http://assets-s3.rollingstone.com/assets/images/album_review/20bd3c90526e16b92df2953b5c020a2fff487ecb.jpg Goodbye



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April 6, 1973

"What a Bringdown." The last title of (probably) the final Cream album serves as a capsule summation of Goodbye and, indeed, the whole Cream mess. Certainly Jack, Eric, and Ginger deserved a better fate.

Goodbye is not a very worthwhile album. Critics will probably tear it apart, while even bonafide Cream Freaks will have to be a little disappointed. It's like the once-famous tycoon who dies an anonymous pauper; it's just a bad way to go out.

The studio version of "I'm So Glad" from Fresh Cream is far superior to the live one. What melody the song had is lost as Jack and Eric get involved in a shouting match. "Politician" wasn't an overly brilliant song in the first place, and the live recording doesn't improve upon the original version. "Sittin' on Top of the World" is the best of the live cuts; it is dominated by Jack with a convincing vocal and a creaky bass. Eric comes in with a flash of guitar at the end; it all fits together tightly.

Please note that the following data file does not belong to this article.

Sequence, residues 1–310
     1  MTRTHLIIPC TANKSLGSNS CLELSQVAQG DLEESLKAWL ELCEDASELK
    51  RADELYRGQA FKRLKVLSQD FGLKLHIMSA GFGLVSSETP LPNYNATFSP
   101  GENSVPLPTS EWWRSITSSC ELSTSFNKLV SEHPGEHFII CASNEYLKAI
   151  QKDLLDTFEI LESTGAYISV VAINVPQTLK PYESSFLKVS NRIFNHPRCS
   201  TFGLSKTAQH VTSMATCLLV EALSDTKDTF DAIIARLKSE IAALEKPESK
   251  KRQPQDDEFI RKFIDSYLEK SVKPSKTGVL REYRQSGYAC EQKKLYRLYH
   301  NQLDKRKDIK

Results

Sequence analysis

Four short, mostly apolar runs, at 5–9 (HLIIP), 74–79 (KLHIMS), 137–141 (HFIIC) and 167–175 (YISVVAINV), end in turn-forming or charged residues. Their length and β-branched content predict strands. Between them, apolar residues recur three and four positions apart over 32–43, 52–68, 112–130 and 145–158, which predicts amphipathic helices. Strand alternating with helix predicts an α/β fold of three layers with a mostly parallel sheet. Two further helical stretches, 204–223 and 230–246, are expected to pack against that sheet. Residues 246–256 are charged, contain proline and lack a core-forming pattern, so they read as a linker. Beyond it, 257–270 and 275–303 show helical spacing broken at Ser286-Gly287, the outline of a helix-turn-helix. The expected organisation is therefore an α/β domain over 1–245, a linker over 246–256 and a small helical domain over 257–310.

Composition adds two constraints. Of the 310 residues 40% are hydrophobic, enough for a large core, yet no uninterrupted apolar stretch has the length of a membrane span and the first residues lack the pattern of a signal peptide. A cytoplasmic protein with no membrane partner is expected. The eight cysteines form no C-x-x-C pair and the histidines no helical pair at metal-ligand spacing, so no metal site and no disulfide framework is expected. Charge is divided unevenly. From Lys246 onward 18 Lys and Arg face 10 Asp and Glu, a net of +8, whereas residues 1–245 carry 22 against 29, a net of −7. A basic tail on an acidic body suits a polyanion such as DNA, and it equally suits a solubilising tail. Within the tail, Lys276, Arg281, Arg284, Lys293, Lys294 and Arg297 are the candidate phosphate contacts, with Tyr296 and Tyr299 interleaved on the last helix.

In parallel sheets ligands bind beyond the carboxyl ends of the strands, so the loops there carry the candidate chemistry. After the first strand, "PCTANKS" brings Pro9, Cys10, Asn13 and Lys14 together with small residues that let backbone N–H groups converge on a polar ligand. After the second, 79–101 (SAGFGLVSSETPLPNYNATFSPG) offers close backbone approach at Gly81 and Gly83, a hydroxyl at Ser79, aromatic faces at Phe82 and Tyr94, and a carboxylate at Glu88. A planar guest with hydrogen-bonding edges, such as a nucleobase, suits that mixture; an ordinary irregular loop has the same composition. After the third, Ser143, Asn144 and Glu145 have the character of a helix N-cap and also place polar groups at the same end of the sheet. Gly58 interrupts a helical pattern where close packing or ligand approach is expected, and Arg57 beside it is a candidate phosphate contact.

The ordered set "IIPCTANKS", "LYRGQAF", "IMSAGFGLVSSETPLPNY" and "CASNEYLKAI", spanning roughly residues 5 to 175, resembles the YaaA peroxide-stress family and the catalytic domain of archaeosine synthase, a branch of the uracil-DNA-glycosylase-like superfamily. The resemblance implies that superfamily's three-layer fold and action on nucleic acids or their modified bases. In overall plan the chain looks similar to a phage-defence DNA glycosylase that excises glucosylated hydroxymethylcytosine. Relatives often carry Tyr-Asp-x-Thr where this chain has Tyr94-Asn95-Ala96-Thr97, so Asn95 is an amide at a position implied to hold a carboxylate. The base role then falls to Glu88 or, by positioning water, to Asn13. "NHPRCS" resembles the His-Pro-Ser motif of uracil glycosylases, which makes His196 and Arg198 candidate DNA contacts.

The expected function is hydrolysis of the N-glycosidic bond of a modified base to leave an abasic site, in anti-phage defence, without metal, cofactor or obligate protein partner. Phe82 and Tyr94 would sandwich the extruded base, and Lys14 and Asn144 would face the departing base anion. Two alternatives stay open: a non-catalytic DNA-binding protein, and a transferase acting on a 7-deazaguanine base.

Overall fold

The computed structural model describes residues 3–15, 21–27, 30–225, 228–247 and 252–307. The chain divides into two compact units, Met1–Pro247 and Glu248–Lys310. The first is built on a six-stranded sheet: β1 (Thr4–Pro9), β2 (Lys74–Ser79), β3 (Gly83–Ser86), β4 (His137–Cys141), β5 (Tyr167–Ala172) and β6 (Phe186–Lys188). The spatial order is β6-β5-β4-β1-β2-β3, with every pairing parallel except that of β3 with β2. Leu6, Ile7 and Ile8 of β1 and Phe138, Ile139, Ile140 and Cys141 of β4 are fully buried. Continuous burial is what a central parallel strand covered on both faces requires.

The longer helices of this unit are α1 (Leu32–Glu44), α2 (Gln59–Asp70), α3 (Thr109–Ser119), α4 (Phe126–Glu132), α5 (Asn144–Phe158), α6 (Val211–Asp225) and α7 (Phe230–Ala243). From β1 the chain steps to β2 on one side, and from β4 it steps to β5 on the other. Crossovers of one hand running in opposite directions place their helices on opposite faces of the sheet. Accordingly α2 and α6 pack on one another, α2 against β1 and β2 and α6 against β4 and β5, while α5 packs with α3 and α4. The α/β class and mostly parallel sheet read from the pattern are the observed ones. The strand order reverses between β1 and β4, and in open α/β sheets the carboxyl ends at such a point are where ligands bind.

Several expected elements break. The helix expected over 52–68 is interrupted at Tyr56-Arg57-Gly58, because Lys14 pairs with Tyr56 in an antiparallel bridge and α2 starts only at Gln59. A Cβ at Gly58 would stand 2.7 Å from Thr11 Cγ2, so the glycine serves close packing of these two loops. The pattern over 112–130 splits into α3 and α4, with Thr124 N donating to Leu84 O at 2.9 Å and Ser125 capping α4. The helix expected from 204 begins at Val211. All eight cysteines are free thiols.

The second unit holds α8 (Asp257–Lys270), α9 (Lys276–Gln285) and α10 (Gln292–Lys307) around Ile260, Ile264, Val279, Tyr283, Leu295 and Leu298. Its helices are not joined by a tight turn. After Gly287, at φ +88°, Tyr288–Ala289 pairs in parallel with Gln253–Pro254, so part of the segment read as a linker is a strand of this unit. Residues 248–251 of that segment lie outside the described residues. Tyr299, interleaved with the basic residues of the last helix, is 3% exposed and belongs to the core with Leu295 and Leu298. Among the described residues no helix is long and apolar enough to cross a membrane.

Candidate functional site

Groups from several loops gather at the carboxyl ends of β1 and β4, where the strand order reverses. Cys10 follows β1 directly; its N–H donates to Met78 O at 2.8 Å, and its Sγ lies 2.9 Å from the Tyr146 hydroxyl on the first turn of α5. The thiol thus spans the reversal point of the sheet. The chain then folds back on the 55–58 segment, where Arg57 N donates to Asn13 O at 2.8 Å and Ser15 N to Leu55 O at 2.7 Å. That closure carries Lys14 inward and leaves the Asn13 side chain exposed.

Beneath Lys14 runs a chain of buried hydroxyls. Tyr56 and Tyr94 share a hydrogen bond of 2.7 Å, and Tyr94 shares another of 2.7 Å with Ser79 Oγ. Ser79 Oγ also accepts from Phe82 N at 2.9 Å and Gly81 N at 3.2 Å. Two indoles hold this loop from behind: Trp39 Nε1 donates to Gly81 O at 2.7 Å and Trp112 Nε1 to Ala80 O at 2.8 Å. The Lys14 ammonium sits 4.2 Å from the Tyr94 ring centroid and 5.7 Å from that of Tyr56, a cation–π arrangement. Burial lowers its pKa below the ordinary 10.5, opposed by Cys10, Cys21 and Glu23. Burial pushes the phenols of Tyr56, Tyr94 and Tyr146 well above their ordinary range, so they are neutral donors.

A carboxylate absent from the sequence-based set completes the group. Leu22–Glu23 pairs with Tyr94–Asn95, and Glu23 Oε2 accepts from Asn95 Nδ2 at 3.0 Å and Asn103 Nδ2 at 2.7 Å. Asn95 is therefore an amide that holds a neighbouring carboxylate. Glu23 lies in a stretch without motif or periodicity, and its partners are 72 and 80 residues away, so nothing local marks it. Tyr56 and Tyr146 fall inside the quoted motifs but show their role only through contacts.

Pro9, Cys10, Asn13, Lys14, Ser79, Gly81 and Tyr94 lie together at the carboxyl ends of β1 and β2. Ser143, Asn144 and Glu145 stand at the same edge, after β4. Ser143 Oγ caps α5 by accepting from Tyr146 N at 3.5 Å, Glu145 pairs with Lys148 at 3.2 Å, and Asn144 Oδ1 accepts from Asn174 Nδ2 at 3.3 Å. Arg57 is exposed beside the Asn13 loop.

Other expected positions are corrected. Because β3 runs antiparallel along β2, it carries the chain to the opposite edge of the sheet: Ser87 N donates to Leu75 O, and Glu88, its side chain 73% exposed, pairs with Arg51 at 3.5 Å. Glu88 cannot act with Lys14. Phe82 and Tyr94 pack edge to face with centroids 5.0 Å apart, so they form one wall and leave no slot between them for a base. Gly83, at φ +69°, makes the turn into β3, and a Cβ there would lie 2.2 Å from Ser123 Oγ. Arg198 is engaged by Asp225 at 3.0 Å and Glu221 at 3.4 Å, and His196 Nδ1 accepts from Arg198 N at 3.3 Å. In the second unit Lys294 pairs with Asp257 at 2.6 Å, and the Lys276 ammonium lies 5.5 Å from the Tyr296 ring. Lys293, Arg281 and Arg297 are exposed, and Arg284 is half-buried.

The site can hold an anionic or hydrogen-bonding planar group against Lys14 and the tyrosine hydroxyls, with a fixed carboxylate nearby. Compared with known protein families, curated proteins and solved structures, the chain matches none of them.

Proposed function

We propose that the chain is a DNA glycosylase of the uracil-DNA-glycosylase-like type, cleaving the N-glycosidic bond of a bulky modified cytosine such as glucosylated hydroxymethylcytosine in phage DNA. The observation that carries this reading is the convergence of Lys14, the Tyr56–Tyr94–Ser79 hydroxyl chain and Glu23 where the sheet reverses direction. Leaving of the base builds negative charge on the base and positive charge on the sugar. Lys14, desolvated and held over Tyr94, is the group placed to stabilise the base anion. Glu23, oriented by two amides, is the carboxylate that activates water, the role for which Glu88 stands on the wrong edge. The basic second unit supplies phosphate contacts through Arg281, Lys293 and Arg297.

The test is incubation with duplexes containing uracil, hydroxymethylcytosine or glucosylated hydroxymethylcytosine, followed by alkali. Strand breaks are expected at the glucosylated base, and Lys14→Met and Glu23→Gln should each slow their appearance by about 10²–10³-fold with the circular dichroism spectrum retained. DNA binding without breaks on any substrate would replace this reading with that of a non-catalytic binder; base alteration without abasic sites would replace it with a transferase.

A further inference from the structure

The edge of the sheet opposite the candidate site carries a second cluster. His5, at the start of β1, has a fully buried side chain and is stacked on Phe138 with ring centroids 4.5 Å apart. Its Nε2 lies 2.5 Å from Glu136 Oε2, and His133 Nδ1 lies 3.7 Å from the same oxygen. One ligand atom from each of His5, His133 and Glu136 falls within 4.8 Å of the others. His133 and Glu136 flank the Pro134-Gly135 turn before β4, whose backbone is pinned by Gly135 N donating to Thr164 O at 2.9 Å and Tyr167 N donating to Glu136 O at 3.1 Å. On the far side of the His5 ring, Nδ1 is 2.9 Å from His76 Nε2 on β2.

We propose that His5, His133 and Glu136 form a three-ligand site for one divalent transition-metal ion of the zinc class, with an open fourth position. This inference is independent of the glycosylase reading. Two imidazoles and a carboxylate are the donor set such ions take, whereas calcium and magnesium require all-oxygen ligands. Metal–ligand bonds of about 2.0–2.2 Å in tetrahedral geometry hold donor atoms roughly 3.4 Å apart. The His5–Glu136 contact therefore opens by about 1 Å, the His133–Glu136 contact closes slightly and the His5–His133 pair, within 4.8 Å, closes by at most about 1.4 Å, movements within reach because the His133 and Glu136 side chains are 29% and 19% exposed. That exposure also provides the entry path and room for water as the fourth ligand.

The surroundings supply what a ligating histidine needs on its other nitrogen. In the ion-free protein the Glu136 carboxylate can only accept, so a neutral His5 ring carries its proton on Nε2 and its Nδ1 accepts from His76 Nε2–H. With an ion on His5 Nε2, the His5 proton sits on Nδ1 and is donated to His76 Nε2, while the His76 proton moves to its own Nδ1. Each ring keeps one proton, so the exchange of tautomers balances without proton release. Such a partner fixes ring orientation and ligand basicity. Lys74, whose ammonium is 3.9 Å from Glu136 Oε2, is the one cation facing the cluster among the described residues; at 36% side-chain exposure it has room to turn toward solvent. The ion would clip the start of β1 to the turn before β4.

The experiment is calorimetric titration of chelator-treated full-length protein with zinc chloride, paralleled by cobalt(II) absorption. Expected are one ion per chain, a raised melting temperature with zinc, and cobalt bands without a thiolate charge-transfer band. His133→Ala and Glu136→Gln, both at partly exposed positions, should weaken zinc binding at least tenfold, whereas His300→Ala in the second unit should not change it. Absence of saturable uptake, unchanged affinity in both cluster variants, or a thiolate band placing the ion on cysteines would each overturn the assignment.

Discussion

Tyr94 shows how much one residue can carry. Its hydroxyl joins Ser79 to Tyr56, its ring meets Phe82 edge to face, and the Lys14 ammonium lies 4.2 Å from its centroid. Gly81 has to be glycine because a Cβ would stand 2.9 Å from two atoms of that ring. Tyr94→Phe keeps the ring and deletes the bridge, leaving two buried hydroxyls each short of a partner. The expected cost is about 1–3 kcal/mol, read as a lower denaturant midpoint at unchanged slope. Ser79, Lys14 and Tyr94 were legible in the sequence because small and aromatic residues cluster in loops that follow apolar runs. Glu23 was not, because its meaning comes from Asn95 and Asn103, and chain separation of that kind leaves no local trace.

As for the studio cuts, they are plagued with the same fault which hindered Wheels of Fire. Cream was best at playing blues; however, none of the stuff they wrote was blues. Hence, whether or not they work depends largely upon the taste of the individual. If you're a fan of pure, simple blues you won't like these; however, if you can appreciate a few studio effects, they'll be quite listenable.

A double-tracked vocal helps Eric on "Badge," while a guy named L'Angelo Misterioso adds rhythm guitar. Felix Pappalardi plays piano and mellotron on "Doin' That Scrapyard Thing." And Jack Bruce abandons his bass guitar for piano and organ on "Bringdown."

There's a little nostalgia here; buy the record, listen to it, and hang the poster on your wall. And shed a quiet tear — not for Eric Clapton, Jack Bruce, or Ginger Baker, but for Cream.


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